October 3, 2010
Trista Cornelius, Contributing Writer
The first VegFest I attended took place in a church basement. Howard Lyman (aka the Mad Cowboy) was a guest speaker, and Dave himself of Dave's Killer Bread offered slices of bread if you were brave enough to approach the muscle-bound baker.
This year, dozens of astute and accomplished guests spoke or demonstrated veg cooking techniques. Dave of Dave's Killer Bread sent a half-dozen staff to serve generous slices of bread through neatly organized plastic shelves.
Things have grown in the veg world.
On Saturday, I arrived a little early for my volunteer shift at VegFest, so I got to visit some of the vendors, fully stocked, tables neatly decorated, and faces fresh before the doors officially opened to thousands of hungry and curious people.
At Westfall’s raw chocolate booth, two little girls looking like VegFest fairies offered me some "green drink." The taller of the two girls told me in a sweet, bird-like voice, "It’s really good for you." The smaller girl chimed in, "It tastes like apple juice." She was right, it did taste like apple juice, I said as I sipped my serving thoughtfully, trying to match the serious expressions of their faces as they watched me try their green drink. I imagined what it would be like to be veg at that age, to sip green drink with such faith and enthusiasm, and to know at such a young age about the power of plants to sustain a healthy life.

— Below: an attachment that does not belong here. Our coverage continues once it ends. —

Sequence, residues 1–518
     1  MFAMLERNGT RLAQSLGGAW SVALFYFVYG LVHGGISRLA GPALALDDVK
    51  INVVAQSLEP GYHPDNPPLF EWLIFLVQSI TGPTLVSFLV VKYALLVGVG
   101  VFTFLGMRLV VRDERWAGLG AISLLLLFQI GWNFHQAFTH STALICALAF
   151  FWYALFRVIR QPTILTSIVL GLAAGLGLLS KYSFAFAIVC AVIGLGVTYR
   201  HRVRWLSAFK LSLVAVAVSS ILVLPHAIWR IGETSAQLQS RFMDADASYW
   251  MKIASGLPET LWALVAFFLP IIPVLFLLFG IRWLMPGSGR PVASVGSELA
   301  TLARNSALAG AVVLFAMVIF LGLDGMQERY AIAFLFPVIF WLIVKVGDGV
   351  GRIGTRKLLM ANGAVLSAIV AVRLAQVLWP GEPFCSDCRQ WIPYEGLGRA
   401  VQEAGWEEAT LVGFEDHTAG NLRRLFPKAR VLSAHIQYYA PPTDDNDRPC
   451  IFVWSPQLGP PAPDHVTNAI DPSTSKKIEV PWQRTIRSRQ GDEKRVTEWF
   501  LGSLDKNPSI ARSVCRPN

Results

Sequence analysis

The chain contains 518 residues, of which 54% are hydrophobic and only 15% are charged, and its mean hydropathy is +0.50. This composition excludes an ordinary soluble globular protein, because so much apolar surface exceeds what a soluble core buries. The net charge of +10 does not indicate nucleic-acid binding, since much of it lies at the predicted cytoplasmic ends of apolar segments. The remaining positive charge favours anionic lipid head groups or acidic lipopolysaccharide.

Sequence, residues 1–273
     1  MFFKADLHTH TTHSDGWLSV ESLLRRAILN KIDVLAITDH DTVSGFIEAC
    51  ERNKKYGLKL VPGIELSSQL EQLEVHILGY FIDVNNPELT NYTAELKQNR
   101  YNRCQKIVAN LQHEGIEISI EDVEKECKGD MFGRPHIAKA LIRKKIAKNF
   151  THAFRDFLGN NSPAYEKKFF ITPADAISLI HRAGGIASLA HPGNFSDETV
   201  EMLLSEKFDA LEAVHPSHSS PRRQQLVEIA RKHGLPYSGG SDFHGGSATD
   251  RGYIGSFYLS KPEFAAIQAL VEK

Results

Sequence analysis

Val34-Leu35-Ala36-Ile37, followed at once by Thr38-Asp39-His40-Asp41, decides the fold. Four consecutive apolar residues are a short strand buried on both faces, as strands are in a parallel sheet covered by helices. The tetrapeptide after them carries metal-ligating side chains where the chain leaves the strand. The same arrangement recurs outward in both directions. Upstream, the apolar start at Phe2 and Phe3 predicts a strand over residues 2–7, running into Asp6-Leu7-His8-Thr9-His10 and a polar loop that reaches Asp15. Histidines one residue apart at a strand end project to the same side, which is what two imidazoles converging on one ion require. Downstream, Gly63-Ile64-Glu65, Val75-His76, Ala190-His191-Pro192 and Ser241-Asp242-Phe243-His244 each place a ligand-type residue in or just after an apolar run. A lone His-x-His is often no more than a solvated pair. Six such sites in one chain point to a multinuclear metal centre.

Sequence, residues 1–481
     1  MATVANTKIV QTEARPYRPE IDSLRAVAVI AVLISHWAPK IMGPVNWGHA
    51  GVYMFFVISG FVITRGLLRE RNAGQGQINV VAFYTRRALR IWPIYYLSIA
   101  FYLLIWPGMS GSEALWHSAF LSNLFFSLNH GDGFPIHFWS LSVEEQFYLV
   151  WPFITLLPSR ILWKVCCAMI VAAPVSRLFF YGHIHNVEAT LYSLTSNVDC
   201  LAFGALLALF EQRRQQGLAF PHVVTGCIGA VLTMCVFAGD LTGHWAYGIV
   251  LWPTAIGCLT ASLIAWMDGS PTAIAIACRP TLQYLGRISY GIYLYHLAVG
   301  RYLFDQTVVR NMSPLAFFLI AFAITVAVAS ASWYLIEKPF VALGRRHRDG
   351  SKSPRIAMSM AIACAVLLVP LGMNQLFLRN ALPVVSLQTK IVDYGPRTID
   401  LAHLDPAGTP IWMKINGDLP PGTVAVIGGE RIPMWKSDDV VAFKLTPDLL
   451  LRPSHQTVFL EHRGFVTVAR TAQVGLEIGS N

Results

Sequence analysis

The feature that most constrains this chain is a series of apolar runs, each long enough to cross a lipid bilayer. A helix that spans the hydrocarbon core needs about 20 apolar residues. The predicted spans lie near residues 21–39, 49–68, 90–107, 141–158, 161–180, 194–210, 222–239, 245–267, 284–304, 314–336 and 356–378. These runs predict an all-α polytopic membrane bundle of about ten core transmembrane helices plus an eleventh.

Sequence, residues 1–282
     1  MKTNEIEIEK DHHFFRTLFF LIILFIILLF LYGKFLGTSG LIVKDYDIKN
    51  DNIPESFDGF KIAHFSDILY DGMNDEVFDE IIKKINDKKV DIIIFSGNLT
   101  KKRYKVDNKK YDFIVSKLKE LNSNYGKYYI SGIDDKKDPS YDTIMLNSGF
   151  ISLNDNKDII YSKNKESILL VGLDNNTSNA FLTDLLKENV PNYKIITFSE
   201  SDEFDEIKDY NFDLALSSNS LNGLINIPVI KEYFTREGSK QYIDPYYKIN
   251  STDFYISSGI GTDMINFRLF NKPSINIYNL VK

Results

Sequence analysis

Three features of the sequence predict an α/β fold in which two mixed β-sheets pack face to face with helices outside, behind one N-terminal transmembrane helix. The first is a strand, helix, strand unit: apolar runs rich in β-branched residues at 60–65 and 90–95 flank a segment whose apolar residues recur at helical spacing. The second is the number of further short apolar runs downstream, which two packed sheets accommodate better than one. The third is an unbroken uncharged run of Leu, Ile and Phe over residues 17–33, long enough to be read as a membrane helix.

Then, Herbivore’s table distracted me. I spotted the sweatshirt I’d seen at my very first VegFest five years before. "Hey, you have these again!" I said. The guy at the booth was also the creator of the design. We discussed the cross shape with the word "herbivore" in it and its subtle messages. He told me that he wanted his creations to be a "conversation starter, not a conversation stopper." He and I then spent several more pleasant minutes talking about how to invite curiosity about the veg lifestyle rather than defensiveness.
That was the last calm moment of the whole weekend. In what seemed like minutes, both days of VegFest whirled past and were over. As I biked home from the convention center, I realized I’d taken it for granted. Only upon reflection did I marvel at the fact that every product and service offered in that entire room was vegan, that the whole event was about living a plant-based life, that thousands of people showed up to learn about a plant-based life, re-commit, commit for the first time, or start to dabble.
Just before Brenda Davis’s talk on Saturday, a woman rushed into the room carrying one of the giant Veg News bags filled with treats for new Northwest VEG members. As she tried to stash it under her chair, she turned to a stranger and said with exuberance, "There are so many interesting things to try here!"
I wondered if she was just talking about what was in her bag. Then I thought maybe she was referring to all of the interesting things to discover at VegFest as a whole. Now, however, I realize maybe she meant there are so many interesting things to try about a plant-based life.
Six VegFests so far, and still we’ve barely begun to uncover the adventure, satisfaction, and joy that comes with living the veg lifestyle.